“The most wonderful grassland in the world”

From a conversation with Edward Luttwak published by the Wall Street Journal in March 2020:

Ranching has been more than an investment. It has helped him understand the fundamental weakness of post-Soviet Russia. “Between Vladivostok and the North Korean border, there is the most wonderful grassland in the world,” he says. “I wanted to go there and bring some angus cattle.”

That’s news to me. The Trans-Baikal District and Buryatia are well known for their cattle but here Luttwak is talking about a very different climate zone. By Russian standards, Vladivostok is deep south: 43°N, slightly south of Sochi and about the latitude of Concord, New Hampshire. However, its climate is rather cold for its latitude. Winters are frosty and relatively dry under Siberian influence. Summers are cool and rainy because of Pacific monsoons. That could be the reason for the rich vegetation – the “wonderful grassland.” Spring comes late but the first half of the fall is often warm and pleasant.

He met with Vladivostok’s governor in 2017.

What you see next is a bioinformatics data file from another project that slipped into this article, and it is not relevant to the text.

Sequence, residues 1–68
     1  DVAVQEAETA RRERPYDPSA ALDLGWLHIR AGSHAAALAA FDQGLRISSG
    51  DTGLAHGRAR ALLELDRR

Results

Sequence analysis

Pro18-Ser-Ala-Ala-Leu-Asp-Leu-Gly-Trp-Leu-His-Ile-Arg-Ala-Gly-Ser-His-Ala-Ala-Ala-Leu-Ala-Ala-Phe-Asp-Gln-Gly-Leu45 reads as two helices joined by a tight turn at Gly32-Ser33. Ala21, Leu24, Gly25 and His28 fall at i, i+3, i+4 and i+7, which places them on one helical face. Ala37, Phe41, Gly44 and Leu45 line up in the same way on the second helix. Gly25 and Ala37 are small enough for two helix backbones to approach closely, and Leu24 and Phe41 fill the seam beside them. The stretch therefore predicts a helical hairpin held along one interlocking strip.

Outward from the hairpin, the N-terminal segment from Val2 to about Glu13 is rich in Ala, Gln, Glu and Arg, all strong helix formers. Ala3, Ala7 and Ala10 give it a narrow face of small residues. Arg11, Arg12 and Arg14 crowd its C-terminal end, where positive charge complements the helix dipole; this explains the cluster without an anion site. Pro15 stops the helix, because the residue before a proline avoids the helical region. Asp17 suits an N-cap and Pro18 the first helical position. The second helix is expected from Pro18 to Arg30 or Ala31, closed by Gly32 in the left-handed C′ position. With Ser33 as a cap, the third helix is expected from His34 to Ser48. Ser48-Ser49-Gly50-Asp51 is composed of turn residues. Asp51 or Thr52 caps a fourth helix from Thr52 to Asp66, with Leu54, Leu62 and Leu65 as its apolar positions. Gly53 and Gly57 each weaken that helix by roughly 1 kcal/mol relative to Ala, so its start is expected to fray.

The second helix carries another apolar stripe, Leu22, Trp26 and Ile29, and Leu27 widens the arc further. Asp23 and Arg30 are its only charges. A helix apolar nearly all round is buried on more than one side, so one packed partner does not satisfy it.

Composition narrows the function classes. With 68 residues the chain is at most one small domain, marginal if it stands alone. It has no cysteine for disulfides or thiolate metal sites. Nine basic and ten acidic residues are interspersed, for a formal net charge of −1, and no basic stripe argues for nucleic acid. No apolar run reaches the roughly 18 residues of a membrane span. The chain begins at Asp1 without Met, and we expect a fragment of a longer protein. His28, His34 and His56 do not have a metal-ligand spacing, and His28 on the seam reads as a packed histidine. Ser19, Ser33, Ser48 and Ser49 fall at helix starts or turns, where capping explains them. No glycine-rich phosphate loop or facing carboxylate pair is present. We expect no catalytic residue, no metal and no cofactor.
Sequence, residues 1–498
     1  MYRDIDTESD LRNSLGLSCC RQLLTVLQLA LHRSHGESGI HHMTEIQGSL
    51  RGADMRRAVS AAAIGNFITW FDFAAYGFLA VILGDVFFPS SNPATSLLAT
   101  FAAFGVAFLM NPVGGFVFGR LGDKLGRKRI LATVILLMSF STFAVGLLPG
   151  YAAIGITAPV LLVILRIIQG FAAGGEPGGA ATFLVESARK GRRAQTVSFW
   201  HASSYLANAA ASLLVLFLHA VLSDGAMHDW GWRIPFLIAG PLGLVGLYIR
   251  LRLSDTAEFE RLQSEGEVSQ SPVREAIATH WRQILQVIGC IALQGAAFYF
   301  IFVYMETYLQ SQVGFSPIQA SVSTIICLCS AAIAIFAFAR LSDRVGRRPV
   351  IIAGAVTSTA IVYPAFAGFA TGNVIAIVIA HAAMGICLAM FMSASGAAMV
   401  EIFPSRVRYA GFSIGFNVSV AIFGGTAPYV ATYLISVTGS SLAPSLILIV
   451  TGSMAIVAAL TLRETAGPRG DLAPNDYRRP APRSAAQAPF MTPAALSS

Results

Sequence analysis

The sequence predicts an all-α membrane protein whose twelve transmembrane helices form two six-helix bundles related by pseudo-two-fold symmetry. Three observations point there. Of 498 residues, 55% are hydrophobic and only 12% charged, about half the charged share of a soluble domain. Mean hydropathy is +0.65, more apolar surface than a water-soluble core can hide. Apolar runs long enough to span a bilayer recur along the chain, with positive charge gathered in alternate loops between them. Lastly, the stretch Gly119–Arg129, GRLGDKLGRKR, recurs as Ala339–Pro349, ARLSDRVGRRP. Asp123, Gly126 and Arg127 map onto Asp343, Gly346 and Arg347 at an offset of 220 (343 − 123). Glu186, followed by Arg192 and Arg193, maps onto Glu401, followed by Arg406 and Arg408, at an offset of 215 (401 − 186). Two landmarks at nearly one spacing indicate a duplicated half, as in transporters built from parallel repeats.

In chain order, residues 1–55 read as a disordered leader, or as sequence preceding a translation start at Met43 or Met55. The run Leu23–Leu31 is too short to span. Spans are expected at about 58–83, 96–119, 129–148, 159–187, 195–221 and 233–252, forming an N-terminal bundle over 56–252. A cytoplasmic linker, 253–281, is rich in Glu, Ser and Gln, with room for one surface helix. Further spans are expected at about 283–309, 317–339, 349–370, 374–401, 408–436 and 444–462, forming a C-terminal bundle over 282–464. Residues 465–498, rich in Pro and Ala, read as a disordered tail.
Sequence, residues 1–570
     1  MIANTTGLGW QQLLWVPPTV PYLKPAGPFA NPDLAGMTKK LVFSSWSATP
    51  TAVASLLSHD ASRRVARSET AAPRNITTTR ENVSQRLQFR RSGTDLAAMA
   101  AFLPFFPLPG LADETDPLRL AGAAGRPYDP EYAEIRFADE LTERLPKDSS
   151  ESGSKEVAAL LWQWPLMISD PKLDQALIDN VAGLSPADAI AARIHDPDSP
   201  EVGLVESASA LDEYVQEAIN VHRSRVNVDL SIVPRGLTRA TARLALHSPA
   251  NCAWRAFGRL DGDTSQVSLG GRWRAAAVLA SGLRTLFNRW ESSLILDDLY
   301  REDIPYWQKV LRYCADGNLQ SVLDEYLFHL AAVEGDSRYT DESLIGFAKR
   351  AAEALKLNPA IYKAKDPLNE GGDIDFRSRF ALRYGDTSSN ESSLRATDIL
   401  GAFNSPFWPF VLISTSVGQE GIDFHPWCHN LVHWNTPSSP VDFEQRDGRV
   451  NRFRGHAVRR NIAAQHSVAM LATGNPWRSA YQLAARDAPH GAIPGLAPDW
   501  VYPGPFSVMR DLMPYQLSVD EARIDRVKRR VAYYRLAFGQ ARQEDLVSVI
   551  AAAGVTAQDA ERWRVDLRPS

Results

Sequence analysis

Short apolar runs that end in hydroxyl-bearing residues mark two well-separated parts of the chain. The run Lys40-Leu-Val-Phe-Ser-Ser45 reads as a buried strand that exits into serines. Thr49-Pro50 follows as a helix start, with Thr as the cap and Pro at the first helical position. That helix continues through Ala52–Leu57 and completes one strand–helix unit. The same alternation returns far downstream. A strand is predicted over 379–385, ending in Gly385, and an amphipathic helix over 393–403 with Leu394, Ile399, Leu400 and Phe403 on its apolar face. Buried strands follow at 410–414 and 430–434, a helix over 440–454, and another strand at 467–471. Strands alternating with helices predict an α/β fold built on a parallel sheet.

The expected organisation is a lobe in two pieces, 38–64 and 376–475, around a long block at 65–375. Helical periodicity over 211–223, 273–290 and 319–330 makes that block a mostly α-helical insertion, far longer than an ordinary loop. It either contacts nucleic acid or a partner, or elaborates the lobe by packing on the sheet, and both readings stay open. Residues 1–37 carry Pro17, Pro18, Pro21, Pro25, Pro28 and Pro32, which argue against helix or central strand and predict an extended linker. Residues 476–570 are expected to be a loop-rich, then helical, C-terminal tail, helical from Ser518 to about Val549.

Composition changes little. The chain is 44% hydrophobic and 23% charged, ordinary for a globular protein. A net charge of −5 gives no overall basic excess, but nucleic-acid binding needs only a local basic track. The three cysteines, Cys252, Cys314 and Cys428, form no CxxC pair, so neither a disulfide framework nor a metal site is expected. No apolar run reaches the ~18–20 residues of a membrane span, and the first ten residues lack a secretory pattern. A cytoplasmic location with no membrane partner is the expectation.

“He says to me, ‘You should go talk to this guy who is an agriculture expert.’ ” The “expert” eventually made clear “that the only way that I could do this investment was by giving a 70% share to his friends.”

For about two decades the regional (Maritime Territory) government in Vladivostok had a reputation of being corrupt even by Russian standards. The man who was governor 2001-12 – first elected by the locals, then re-appointed by Moscow – was rumored to be literally a mafia boss. However, in 2012 Putin appointed a governor from outside the Far East and with no background in government in order to “de-criminalize” Vladivostok. Judging by Luttwak’s experience, it didn’t quite work. In 2018, a new governor was appointed, then elected…

Mr. Luttwak says he replied: “I went to school in Palermo, Sicily, and I see now that Russia badly needs to have technical assistance from Sicily — to learn how to do extortion properly.” Such clumsy corruption kept him from investing in the country.

That’s a good point – but if Putin’s political system weren’t so corrupt, Russia might have actually built the deadly weapons Putin had boasted of.

The Honored Society, according to Luttwak himself, wasn’t all that conducive to economic development either:

… the society was itself strangling Sicily’s economy by strangling competition: all the salt pans of the province of Trapani, and all the Partinico plants that distil ethyl alcohol from grapes… were and are each under one monopolistic owner. Many villages could only have one bar – or none in places where the pizzo was set too high.

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